Step 1820 is the basis of the motor model, since it is at this stage that the equations defining the motor model are solved to determine Tw and Th. At step 1822, Tw and Th are compared to the limits for the winding temperature and the housing temperature (Twtrip and Thtrip). If either of the limits are exceeded the motor is stopped (step 1824) after Tw is checked against the maximum winding temperature Twmax (step 1826) and the warning that Twmax was reached is set if appropriate (step 1828).
When data is requested (step 1830), a data block can be set up (step 1832) so that when the motor controller is accessed with a display device, data such as the following can be displayed:
average motor current;
motor current at tripping;
time before the motor can be restarted;
total elapsed motor running time;
total number of motor starts; and
total number of overload trips.
From step 1822 the monitoring process is restarting back to step 1806.
Another embodiment of the motor model is based upon a thermal model analogous to the two-capacitor, four resistor electric circuit illustrated in FIG. 19. For this model, the values used for Tw, Th, Cw, Ch, Rw, Rwc, Rh and Rhc are the same as in the model of the preferred embodiment. The difference in the models is found tin the calculation of P and equations used to solve the model.
In this embodiment of the model, for Iratio between 0 and 1.05 P equals Iratio and for Iratio greater than 1.05 P equals (Iratio)2. To solve the model the following equations are used in block 10 to determine Tw and Th: ##EQU1## The constants k1 and k2 are calculated such that the motor model can be adjusted to more accurately model a given motor.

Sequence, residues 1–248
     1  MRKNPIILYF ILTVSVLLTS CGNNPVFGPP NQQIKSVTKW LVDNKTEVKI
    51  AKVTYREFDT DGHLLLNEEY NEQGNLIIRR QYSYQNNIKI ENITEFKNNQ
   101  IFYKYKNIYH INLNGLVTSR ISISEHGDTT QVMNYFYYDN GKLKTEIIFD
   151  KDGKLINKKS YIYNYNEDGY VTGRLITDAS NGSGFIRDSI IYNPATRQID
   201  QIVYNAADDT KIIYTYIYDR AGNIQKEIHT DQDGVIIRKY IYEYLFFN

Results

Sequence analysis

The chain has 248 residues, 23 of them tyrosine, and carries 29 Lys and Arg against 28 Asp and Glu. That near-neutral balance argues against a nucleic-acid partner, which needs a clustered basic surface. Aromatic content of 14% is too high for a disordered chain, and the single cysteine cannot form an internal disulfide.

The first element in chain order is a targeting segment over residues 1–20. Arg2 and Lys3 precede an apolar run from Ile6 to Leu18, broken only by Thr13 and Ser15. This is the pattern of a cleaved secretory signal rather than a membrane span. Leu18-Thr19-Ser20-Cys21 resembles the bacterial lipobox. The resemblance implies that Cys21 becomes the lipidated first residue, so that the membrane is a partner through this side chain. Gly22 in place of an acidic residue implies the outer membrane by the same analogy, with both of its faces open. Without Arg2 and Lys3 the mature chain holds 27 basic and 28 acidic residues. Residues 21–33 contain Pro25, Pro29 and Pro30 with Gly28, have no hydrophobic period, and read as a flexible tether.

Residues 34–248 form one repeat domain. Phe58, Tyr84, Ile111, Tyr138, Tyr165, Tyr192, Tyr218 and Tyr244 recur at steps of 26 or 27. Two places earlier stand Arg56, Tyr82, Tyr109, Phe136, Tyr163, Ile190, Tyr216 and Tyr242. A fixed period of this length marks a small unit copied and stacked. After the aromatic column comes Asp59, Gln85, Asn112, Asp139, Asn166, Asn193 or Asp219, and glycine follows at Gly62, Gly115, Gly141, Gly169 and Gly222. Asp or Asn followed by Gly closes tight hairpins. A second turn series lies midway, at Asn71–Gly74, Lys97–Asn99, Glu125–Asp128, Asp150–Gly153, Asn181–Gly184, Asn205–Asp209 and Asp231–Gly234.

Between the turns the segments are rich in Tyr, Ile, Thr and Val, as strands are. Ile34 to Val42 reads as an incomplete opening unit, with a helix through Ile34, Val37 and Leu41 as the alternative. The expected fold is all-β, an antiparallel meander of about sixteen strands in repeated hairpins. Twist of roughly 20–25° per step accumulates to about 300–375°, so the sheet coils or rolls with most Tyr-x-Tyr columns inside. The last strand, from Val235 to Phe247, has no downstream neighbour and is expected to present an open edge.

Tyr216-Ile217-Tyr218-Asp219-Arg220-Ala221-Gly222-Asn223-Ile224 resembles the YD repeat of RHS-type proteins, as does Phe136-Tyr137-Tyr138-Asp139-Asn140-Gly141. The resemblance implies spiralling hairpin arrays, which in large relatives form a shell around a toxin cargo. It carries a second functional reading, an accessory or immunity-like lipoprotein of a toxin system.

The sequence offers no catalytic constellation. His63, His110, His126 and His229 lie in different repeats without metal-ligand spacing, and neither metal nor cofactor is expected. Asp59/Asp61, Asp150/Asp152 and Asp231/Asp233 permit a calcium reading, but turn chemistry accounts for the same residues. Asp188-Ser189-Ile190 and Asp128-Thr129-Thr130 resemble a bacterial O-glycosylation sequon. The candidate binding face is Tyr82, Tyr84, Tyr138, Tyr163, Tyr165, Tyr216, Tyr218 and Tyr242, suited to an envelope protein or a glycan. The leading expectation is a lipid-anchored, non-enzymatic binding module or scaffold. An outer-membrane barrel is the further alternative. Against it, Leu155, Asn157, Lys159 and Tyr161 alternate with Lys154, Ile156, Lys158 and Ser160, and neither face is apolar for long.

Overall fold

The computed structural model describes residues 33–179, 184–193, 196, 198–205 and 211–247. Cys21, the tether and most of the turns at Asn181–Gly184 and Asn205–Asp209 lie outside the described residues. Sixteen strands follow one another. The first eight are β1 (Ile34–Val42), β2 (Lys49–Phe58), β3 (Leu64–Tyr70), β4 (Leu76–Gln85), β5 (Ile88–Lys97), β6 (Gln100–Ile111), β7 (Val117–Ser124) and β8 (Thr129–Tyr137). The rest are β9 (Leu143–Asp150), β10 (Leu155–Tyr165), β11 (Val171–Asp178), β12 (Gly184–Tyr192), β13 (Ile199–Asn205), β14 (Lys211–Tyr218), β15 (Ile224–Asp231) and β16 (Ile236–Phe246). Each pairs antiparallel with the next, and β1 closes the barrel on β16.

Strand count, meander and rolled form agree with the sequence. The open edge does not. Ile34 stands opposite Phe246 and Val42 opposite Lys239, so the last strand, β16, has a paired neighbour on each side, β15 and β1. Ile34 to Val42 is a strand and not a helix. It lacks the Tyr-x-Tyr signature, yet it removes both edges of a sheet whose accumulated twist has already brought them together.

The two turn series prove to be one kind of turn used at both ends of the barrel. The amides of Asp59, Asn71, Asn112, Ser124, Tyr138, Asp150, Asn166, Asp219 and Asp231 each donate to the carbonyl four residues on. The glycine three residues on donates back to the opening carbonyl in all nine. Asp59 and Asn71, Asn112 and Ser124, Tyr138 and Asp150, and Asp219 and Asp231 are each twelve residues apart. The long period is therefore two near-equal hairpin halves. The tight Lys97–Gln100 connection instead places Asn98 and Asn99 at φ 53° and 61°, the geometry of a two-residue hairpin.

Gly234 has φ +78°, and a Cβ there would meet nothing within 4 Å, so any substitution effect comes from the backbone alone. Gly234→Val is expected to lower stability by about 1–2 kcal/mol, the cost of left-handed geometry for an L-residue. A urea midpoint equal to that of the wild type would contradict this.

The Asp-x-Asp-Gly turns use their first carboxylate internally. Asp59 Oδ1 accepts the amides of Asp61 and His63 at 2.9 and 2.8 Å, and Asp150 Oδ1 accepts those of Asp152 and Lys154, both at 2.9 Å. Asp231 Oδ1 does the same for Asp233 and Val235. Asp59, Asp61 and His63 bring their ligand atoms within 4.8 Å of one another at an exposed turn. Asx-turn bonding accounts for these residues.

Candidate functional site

Where the average of the ratio (Iratio) of the maximum phase current (Imax) and the rated full load current (Iflc) of the motor is greater than 10 for 60 samples, the overload programming is set up to immediately stop the motor. At step 1824 a running total of Iratios for 60 samples of the motor currents (IA, IB, IC) is maintained. When this total is complete for 60 samples the total is divided by 60 to obtain the average Iration. The average Iratio is compared to 10, and if greater 10, the program jumps to step 1826 where the command to stop the motor is issued.
The preferred embodiment of the intermediate motor current protection routine provides motor protection between 7 times Iflc and the instantaneous trip setting of circuit breaker 2006 which may be between 11 and over 500 times Iflc. The range of protection provided by the protection routine will depend upon the specific application as further discussed below. (As discussed above, this routine can be modified and incorporated into the motor model simulation routine.).